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Leap Motion has raised $50 million for its virtual reality hand-tracking technology.

J.P. Morgan Asset Management led the round. It’s a big vote of confidence in the next generation of VR, as Leap Motion makes sensors that can detect your hand and finger motions in the real world and then translates them into the virtual world. VR is expected to be a $25 billion market by 2021, according to tech adviser Digi-Capital.

San Francisco-based Leap Motion said the money will accelerate the company’s global expansion and enable it to invest in VR and augmented reality motion tracking. Leap Motion expects to expand in Asia, where VR is a hot market.

Leap Motion is opening an office in Shanghai, and it is also expanding into new commercial and enterprise applications including education, health care, and industrial training simulation. As part of the funding round, Lawrence Unrein, global head of J.P. Morgan Asset Management’s Private Equity Group, has joined Leap Motion’s board of directors.


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Above: The casual offices at Leap Motion.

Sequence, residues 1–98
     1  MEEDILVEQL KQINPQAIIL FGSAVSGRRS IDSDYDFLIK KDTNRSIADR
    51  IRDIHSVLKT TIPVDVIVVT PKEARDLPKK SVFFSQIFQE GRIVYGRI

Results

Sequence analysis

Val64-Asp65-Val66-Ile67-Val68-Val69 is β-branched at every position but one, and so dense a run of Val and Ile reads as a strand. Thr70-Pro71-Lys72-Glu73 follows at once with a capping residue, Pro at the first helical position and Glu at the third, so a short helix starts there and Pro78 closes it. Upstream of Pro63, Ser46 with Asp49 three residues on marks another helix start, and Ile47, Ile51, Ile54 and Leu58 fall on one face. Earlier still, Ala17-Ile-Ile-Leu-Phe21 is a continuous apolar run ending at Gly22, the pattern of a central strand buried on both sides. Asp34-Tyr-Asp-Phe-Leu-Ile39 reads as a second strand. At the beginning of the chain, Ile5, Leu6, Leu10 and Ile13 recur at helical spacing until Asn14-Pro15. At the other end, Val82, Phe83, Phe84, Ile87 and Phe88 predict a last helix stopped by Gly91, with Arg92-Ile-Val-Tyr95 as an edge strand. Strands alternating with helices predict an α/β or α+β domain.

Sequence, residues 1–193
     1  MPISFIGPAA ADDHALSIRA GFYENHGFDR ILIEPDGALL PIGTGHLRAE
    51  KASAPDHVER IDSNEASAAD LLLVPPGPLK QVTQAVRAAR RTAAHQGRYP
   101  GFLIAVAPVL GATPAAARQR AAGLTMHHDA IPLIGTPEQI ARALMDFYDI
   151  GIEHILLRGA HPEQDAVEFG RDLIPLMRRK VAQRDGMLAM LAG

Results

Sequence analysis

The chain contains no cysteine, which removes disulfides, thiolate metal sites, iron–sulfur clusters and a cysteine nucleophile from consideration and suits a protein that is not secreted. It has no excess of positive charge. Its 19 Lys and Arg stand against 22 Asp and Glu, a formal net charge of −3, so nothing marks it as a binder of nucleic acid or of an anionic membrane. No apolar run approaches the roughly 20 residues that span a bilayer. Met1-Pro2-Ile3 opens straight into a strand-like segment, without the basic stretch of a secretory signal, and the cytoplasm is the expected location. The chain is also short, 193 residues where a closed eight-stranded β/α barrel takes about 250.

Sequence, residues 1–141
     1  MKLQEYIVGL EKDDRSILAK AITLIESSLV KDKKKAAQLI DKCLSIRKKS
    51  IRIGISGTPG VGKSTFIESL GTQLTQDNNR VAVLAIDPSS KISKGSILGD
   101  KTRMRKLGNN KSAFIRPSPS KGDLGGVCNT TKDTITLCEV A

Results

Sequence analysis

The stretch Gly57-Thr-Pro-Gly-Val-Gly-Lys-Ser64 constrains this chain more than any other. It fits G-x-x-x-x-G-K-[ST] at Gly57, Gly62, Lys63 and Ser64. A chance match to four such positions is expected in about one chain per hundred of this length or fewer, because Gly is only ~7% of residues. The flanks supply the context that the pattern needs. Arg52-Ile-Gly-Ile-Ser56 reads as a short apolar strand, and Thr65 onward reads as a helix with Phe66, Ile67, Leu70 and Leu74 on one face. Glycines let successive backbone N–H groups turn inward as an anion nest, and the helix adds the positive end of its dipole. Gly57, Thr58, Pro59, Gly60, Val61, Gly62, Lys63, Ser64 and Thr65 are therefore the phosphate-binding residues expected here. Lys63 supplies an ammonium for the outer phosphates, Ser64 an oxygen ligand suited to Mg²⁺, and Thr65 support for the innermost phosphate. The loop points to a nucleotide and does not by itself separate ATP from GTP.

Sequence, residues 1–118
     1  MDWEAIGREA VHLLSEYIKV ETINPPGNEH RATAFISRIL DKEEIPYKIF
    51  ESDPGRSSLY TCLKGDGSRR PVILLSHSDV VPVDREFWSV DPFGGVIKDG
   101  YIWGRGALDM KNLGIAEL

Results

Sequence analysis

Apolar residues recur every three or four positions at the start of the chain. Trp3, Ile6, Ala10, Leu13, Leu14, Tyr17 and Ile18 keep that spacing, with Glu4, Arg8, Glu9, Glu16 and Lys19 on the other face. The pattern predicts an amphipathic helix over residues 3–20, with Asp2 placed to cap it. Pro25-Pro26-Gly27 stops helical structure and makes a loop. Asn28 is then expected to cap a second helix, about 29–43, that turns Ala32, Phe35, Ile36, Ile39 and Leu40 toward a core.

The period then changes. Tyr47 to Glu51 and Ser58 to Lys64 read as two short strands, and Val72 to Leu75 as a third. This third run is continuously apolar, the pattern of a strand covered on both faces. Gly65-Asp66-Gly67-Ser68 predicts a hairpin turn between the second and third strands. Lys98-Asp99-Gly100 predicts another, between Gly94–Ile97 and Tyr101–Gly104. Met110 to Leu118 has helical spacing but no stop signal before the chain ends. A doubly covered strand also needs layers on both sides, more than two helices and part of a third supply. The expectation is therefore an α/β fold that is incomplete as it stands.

Image Credit: Leap Motion

“Natural input through full hand tracking is inseparable and fundamental to the future of VR/AR, and Leap Motion is a principal driver of its widespread adoption,” said Michael Buckwald, CEO and cofounder of Leap Motion, in a statement. “In much the same way as the touchscreen sparked the mobile revolution, Leap Motion is playing a transformative role in the development of human interface technology for VR/AR. As a result, the industry as a whole is on the verge of a similar moment of exponential growth.”

Founded in 2010, Leap Motion goes a step further than rival technologies like the Oculus Touch VR controllers, which let you manipulate things in VR with hand and finger motions. Instead, Leap Motion uses sensors to track all of your fingers. Its technology is used in prototype VR kits being built by Qualcomm.

“Virtual and augmented reality technologies are evolving at a rapid pace, drawing significant attention from investors,” Unrein said in a statement. “Leap Motion’s suite of hardware and software designed for headsets falls squarely into this category, offering natural input through hand and finger tracking that can be integrated into any headset.”

Leap Motion’s mission is to remove the barriers between people and technology. The company’s hand tracking technology combines software and hardware.

Above: Leap Motion has raised $50 million for putting your hands in VR.

Image Credit: Leap Motion

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